Todd Pitock on What It Really Takes To Succeed As A Travel Writer & Journalist

TWEETCHAT-MAY31-EditionMy name is Todd Pitock, and I’ve been a journalist, writing on travel and other topics for a while now. It’s a pleasure been hosted on this edition of the #NigeriaTravelChat by Sam Adeleke and the team at Travel Massive Lagos.

To begin with, I got to write for the big titles — National Geographic Traveler (US and other editions), Smithsonian, The Atlantic, the NY Times and so on — by dedicating a lot of time on two paths.

One path was all about the craft, the other was about the business behind the craft. The two paths run parallel, with a lot of crossover. But let’s talk first about creativity and craft, because you can’t talk about publishing and business, or any product, if you don’t have the goods to sell. The first thing is defining what it was I wanted, what kinds of stories I wanted to write. And what I mainly wanted was STORIES, compelling narratives. And I drew a distinction between travel and vacation writing.

Travel, at least to me, is about engagement, whereas vacation is about escape. So, I’m a lot more in cities, for example, than resorts, which aren’t that interesting to me personally. I want to know how people live, what they’re talking about, what they believe in, how they see their world, and their views about mine.

The relevance of that, for “travel writing,” is that for me it is a very elastic category. It’s about a journey, but that journey might start with politics, or science, or sports. And in fact, I’ve had stories that appeared in one place labeled “travel” and in another — same exact story — as “science.” I’m thinking now in particular about a story about light pollution, a big issue in both science and travel.

The question I’m always asking myself as I travel is, what is this thing, whatever it is, really about, and what does it say about the place I’m in. The world is filled with unique experiences, but sometimes they can seem to be generic ones. And to get to the business side — we’ll toggle back and forth — I also think a lot about what’s salable and to whom. And to do that you have to know and understand publications.

todd-pitock-sam-adeleke-rwanda-gorilla-tracking-rdbLike, you should know that Conde Nast Traveler requires a luxury angle, but National Geographic Traveler probably doesn’t. As many editors will tell you, most queries don’t work because they’re just wrong for the publication. So, in short, you need to know what you’re trying to create and then match it to the right venue. It all starts with the idea, and next is the presentation of that idea in the form of a query. A query has particular elements.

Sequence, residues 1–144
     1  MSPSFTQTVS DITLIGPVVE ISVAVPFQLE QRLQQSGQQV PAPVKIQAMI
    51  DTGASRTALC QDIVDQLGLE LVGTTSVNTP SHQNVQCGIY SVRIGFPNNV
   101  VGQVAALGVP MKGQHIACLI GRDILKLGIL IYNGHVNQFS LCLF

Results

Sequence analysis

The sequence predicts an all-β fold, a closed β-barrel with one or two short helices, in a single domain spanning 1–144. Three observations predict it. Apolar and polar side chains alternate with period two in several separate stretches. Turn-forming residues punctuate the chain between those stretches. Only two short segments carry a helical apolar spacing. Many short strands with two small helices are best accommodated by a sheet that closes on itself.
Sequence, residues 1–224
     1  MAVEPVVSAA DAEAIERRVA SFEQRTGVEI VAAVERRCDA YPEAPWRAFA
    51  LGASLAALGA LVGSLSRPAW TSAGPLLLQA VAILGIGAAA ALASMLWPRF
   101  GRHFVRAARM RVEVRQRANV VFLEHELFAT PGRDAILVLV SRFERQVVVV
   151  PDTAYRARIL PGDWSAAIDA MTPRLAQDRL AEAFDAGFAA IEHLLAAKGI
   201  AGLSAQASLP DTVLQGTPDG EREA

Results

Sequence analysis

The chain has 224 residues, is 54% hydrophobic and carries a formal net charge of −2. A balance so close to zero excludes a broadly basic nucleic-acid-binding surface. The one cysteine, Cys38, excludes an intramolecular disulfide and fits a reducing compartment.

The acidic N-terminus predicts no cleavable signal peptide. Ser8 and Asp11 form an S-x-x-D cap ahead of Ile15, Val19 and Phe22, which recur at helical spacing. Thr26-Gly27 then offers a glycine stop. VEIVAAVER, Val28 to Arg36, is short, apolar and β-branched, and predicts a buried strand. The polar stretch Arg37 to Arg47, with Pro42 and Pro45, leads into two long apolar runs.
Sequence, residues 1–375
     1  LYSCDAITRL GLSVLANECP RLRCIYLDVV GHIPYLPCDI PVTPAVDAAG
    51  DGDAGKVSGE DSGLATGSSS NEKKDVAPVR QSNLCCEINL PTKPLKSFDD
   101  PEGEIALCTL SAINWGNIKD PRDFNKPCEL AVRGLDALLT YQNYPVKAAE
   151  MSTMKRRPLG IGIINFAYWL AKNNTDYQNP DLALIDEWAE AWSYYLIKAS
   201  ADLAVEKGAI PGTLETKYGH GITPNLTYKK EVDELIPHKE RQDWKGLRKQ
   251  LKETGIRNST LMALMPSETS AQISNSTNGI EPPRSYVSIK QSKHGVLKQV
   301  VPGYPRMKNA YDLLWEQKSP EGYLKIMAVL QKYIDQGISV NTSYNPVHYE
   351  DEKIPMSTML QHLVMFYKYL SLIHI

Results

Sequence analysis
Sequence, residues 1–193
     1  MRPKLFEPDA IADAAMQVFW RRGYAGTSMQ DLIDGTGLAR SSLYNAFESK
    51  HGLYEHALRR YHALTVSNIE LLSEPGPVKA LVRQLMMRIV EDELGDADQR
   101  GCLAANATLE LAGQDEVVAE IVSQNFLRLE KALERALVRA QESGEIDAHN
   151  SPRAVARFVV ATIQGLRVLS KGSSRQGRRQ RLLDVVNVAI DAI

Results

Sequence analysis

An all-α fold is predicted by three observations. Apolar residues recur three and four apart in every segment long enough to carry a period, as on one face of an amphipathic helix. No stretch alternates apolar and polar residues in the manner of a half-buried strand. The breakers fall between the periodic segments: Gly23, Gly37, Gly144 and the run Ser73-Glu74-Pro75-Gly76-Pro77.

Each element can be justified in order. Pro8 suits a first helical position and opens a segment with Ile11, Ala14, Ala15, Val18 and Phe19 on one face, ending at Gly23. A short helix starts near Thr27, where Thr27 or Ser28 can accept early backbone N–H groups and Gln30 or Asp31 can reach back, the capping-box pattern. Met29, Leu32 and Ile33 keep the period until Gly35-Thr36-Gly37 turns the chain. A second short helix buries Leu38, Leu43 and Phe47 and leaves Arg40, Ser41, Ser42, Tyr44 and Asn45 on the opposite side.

Know first of all that it showcases your writing, so write it well. And since editors count on accuracy, if they don’t know you, make sure you get the little things right to begin with, such as the proper spelling of the editor’s name. The query itself should articulate the idea, and then show why you’re the person qualified to write it. It’s also a good idea to target your query to a particular department. Do I need to mention that magazines have roughly three parts: the front of the book (shorter pieces), the departments (mid-form), and features (long-form)?

Unless you’re quite well-established (and sometimes even if you are) and unless the magazine is coming to you (not the norm), you’re not going to aim for a feature on the first contact. They can also be a lot of work, pay the least, and get the least attention. But they can have value. An FOB for one place might be a query for another.

So be open to doing them. But as I said, aiming for the thick middle, the departments, is smart. Stories can range from 500 to 2,000 words, and get things in motion for future work.

What I got paid for my first piece? There isn’t a standard rate. American pubs tend to pay a lot more than elsewhere. I guess my first proper magazine story was $500. But rates have fallen. Ten years ago they ranged from US$1.50 to $3.00 a word at print magazines. Now $2/word tends to be the upper limit — and word counts have fallen, too.